Most, if not all, states in this country – that being the gool old US of A – have long offered what are referred to as "vanity" auto license plates on which purchasers can request the plate's "number" be a particular word, short phrase, or some other combination of letters and numbers significant of something or other as long as the message is not obscene or considered to be otherwise offensive. These messages are usually limited to no more than seven digits or letters. Now, many states offer "specialty" plates that promote a wide variety of things such as state colleges and universities, charitable causes, sports teams, arts organizations, the environment, and so on. Normally, a portion of the collected fee goes to benefit the respective organization or cause.
Recently here in good old Indiana, Woody Burton, a state legislator, led a successful effort to make available a plate with the legend "In God We Trust" stamped upon it. They were approved a few months ago and have proven to be wildly popular here in the bible belt with over five hundred thousand of them now bolted to the backside of the family sedan or pickup. While given my godless perspective I find these plates somewhat offensive, I thought, what the hell? Who gives a crap? It isn't a battle worth fighting. I know that to actively oppose the plate would lead to the inevitable charge that, if I am so offended by the phrase, I should stop carrying and using US currency upon which the odious phrase has long been emblazoned. (Actually, I don't use much cash now owing to the widespread ability to use debit cards for pretty much everything.) But, at any rate, I thought, let it be.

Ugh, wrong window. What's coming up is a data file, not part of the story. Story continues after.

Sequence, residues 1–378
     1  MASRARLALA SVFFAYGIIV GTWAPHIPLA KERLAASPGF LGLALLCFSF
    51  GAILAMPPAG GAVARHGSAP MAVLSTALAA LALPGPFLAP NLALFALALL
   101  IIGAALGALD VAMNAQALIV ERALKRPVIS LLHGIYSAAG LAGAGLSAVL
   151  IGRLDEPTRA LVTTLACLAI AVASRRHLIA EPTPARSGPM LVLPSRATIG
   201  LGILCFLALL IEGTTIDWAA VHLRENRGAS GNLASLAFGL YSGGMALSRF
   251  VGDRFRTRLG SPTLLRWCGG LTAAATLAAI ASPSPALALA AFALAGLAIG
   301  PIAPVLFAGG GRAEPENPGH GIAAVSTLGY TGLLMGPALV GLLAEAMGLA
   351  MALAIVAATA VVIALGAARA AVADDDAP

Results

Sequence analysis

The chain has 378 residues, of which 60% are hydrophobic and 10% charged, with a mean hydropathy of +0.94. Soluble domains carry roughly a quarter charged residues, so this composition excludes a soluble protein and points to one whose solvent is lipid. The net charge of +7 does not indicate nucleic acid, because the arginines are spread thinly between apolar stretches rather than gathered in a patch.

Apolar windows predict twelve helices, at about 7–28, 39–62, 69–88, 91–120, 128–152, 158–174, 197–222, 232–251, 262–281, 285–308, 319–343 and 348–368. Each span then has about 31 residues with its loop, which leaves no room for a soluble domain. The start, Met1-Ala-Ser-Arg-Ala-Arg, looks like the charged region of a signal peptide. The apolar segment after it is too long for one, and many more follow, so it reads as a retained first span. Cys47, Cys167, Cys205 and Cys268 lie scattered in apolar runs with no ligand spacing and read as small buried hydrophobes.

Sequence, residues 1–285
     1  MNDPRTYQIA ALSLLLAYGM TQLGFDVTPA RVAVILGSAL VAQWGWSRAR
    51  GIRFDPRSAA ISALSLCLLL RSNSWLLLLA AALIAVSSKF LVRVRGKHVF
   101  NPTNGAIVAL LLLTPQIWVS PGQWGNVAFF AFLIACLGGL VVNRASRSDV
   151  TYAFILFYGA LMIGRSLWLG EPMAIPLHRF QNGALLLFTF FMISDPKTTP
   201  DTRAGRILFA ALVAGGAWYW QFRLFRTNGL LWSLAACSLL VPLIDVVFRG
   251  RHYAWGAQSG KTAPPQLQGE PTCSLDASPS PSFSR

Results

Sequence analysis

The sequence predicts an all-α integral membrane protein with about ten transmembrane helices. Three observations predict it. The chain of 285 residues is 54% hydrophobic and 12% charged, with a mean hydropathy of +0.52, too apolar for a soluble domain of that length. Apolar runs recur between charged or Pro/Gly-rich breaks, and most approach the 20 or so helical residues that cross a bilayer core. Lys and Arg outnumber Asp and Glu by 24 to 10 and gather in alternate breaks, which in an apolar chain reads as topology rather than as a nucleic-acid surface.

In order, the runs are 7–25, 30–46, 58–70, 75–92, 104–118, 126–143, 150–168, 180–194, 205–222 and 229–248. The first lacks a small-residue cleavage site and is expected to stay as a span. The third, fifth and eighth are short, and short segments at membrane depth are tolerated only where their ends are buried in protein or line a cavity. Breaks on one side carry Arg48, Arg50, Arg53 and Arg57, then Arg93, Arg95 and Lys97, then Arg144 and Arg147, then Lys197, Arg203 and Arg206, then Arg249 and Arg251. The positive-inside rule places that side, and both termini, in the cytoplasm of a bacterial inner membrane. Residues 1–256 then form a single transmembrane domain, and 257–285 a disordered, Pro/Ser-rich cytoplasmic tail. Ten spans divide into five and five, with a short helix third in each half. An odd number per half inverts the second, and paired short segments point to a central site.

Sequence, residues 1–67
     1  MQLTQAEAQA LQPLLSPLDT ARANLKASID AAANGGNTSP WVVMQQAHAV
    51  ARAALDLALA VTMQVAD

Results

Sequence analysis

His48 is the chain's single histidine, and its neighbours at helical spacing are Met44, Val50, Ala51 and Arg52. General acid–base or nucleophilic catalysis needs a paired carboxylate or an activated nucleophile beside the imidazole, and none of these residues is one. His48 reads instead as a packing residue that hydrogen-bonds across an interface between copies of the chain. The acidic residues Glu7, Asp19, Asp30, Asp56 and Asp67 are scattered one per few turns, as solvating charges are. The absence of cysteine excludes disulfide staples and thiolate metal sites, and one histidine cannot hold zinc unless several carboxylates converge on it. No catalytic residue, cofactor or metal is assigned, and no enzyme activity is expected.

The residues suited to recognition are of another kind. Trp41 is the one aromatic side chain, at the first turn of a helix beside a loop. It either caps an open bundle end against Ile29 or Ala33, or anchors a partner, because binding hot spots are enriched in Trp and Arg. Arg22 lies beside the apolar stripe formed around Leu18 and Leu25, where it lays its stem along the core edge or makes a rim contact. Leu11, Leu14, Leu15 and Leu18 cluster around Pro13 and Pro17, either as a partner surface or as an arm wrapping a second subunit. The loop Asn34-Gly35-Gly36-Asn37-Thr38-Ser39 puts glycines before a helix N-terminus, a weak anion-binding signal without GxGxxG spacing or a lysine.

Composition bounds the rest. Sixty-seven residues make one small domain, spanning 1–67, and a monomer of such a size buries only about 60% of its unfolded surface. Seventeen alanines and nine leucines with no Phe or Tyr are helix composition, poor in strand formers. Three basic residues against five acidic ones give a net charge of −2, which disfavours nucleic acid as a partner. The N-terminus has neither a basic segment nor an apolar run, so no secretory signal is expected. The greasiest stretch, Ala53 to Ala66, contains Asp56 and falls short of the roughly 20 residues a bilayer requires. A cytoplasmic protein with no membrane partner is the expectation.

However, an enterprising fellow in Allen County, Indiana, one Mark Studler persuaded the ICLU, Indiana's arm of the national ACLU, to file suit on his behalf against the state as regards these very plates. The legal issue at hand is not the plate per se, but the fact that they have been made available to anyone wanting them at no additional charge over and above the normal fee the state charges for license plates, while all other specialty plates sold in Indiana have an additional $15 administrative fee tacked onto them. It is Studler's and the ICLU's contention that either all specialty plates be charged the fee, or none of them should be so charged. I agree.
Unsurprisingly, the Indiana State Legislature is largely made up of devout, Protestant Christians who were either enthusiastic promoters of the plate, or if they had any misgivings, did not dare voice them so as not to offend the tender sensibilities of their properly righteous fellow lawmakers or their like-minded constituents.
While given the bigger picture of what's going on in the world, this is pretty small potatoes; lest we forget Fascism started out as relatively small spuds as well. If we don't fight the seemingly insignificant battles in the trenches, we've got no chance when they suddenly lock down the Federal government and force all of us to have "In God We Trust" branded onto our foreheads.Powered by Sidelines